The Read edigest: Monday 12 August 2013

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Book reviews
In The Mannequin Makers, Craig Cliff  “has crafted a brilliantly structured and evocative story.”
Book Review: The Curiosity, by Stephen Kiernan


David Hill reviews Duncan Sarkies’ new book on Nine to Noon – The Demolition of the Century

New Release Books
New Release: Surviving Centrepoint, by Ella James

New Release: Te Ara: Maori Pathways of Leadership

Events
Bring the littlies to Mt Roskill Library on Friday 16 August for National Poetry Day w/A Little Ink

#nzpba events: Jarrod Gilbert is talking tomorrow at Canterbury Uni, Rob Brown talks huts at Scorpio Books

#nzpba events:  The @womensbookshop celebrates poetry tomorrow with Ian Wedde & Anne Kennedy

Book News
This has been on the Nielsen list for weeks: read an extract from The Fault in Our Stars by John Green
Faction Comics has their second anthology of work by NZ’s best comic artists due in August

Author interview: Award-winning author Craig Cliff on his uneasy relationship with historical fiction

Awards News
Our reviews of #nzpba New Zealand Post Awards finalist books

#nzpcba Picture book winner Gavin Bishop tells the NZ Herald about his happy place

Check out what our #nzpba finalists are talking about in the lead-up to the awards by subscribing to our list

From around the internet
This infographic shows how often different cities appear in books

Why Jonathon Franzen gets your goat…

Damien Wilkins feels the love for X Factor

Book-inspired icecream flavours… any suggestions for kiwi book flavours?

Attention sci-fi fans! @goodreads has a handy list of Julius Vogel nominees& winners – go and take a look

Check out this quirky and informative video on the history of typography!

Meet the press: shrewd tips for book publicity 

Book Review: The Curiosity, by Stephen Kiernan

I picked this book up for its cover quote fromcv_the_curiosity Justin Cronin (The Passage), and I’m pleased I did. It has been awhile since I read a book that engulfed me as much as The Curiosity did. When I wasn’t reading it, I was thinking about it, trying to guess at the main character’s next moves.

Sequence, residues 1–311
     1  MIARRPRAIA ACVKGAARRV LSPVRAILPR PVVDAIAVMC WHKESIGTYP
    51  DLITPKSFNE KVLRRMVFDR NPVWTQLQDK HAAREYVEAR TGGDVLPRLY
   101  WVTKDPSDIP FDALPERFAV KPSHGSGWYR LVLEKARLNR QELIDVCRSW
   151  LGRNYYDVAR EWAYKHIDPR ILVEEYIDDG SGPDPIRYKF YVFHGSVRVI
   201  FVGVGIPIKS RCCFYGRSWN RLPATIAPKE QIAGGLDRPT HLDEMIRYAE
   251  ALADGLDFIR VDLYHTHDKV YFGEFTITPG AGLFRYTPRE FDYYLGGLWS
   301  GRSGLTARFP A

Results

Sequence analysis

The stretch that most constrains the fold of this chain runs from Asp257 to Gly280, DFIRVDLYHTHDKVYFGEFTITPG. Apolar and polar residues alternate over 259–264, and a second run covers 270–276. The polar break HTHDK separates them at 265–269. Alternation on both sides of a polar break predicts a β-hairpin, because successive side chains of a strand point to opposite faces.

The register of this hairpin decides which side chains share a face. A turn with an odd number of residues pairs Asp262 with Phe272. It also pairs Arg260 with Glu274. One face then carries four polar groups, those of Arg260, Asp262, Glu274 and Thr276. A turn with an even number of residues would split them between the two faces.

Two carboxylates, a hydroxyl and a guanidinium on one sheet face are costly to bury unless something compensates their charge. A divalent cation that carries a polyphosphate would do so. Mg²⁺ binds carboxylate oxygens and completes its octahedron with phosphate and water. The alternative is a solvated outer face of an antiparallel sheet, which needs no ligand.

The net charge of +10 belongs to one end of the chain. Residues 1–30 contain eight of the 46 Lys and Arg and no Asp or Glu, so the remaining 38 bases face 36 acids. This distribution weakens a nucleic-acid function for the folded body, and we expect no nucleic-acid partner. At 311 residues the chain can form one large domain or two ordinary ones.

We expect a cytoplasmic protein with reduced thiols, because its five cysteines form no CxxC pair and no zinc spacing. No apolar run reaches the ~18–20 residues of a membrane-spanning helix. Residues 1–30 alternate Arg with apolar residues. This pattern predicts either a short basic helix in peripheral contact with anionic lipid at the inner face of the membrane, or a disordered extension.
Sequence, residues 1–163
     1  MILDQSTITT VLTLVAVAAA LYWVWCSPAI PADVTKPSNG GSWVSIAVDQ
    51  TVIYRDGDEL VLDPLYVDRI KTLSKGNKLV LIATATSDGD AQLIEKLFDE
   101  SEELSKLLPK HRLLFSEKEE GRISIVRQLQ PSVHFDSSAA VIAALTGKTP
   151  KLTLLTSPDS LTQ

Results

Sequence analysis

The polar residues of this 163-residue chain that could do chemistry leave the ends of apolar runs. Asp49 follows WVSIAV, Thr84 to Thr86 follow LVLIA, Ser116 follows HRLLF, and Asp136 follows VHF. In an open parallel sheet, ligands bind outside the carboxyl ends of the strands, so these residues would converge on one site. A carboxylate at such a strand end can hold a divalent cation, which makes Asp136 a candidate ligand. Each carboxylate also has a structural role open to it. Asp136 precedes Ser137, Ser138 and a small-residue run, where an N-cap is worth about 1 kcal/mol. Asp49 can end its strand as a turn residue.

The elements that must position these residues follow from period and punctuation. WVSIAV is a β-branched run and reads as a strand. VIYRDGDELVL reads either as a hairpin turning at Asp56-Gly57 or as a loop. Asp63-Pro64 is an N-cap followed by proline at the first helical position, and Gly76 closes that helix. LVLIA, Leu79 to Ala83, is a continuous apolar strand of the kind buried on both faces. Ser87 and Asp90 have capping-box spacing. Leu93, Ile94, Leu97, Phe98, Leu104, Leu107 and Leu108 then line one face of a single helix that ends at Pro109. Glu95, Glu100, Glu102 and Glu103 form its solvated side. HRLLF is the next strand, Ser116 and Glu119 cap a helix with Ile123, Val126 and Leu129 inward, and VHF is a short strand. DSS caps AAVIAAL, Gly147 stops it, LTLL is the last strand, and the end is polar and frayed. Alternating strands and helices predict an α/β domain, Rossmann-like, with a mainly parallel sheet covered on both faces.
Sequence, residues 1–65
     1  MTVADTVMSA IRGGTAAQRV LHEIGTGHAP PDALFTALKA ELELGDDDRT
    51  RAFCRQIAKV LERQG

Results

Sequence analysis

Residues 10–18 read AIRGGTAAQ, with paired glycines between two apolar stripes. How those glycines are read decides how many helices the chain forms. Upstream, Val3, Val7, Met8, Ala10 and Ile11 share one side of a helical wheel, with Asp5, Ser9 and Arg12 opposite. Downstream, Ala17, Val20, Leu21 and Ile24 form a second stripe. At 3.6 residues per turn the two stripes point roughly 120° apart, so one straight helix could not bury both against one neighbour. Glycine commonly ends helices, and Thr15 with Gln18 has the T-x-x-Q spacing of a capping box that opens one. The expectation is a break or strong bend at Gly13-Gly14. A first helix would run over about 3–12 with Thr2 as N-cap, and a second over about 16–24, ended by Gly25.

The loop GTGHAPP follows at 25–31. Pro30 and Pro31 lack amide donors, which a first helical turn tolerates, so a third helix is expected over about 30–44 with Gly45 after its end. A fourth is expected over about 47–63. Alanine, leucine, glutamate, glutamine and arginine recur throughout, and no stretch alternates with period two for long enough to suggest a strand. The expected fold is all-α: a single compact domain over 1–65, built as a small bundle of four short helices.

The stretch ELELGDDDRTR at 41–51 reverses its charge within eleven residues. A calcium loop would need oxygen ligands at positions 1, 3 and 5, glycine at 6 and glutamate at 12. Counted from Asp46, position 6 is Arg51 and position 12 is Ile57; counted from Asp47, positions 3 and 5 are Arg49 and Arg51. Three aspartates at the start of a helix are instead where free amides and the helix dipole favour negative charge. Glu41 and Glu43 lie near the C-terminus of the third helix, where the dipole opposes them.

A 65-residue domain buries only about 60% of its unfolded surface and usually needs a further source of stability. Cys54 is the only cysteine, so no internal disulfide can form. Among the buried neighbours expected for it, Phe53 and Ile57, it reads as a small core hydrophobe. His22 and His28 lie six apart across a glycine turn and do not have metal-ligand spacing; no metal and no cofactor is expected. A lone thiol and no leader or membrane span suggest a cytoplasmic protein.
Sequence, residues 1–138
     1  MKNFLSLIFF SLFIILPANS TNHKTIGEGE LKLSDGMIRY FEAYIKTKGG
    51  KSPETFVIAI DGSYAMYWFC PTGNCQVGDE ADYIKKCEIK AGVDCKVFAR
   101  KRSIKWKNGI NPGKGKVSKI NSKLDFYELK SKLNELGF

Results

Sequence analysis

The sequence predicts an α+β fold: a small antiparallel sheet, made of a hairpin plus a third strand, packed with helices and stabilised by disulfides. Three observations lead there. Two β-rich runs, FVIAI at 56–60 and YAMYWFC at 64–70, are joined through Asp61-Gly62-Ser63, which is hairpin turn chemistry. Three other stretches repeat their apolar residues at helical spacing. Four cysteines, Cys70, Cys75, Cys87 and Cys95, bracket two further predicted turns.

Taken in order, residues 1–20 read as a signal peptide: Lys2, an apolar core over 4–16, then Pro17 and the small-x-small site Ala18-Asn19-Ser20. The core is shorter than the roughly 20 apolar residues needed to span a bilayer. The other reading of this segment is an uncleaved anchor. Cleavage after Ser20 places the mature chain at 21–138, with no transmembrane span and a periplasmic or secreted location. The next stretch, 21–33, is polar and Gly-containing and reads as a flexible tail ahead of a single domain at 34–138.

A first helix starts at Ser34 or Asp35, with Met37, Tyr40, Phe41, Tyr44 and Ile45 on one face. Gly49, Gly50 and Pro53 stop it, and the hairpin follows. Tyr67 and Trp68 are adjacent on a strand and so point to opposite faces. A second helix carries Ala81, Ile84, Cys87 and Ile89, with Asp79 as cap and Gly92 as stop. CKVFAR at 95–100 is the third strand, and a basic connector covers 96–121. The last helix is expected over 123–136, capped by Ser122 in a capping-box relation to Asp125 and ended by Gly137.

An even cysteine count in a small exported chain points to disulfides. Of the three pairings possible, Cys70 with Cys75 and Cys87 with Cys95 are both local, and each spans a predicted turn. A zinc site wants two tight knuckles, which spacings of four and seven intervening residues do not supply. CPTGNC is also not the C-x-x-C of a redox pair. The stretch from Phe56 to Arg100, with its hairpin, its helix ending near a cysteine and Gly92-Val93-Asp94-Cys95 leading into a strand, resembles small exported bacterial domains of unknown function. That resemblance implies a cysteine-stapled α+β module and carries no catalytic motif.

The Curiosity is told from several points of view. Dr Kate Philo is the lead scientist on an Arctic expedition. This expedition is bankrolled by the arrogant genius scientist Erastus Carthage, and the aim is to find ‘Hard Ice’, a type of ice that has previously yielded animal specimens that have proven to be able to be reanimated. Also on the ship is hack science and nature journalist Daniel Dixon.

Dr Philo and her team find a man frozen in the ice. They successfully extricate him, and the Lazarus Project is born. While the morality is questioned from day one, Carthage overrides everybody to ensure that reanimation takes place, and we are introduced gradually to Judge Jeremiah Rice, who died while on an Arctic exploration over 100 years before.

This book is a love story, but without the purple prose. It is a story of wonder, a story of intrigue, and a story of morality. Can they really bring somebody back from the dead for no reason other than to see if it can be done – and what responsibility do they then have to keep him alive? What is the best way to utilise the science, and at what point can they say ‘Subject One’ will stay alive, and thus open the floodgates for the cryogenics industry to walk through?

Author Stephen Kiernan deals well with keeping his story anchored without going overboard in any direction.  Love, science and story are all well-balanced, for the most part. There were a few points that I thought should have been explored more thoroughly, particularly finding the judge’s living descendants – he became an instant celebrity, and the press hounded him without uncovering anything new. While we are acquainted with a possible family member, this is never explored.

I think this book is going to strike a chord with a lot of readers. It is an ably-written story with enough conspiracy theory in it to make the reader want to stay ahead of the play, while having a gently-handled love story underpinning it, and a fascinating unreliable narrator in the person of the vilified genius Carthage. I think it has several of the elements that drew people to The Da Vinci Code, but the writing is stronger.

I look forward to reading more fiction from Stephen Kiernan.

Reviewed by Sarah Forster (Booksellers NZ)

The Curiosity
by Stephen Kiernan
Published by John Murray (Hachette)
ISBN 9781848548763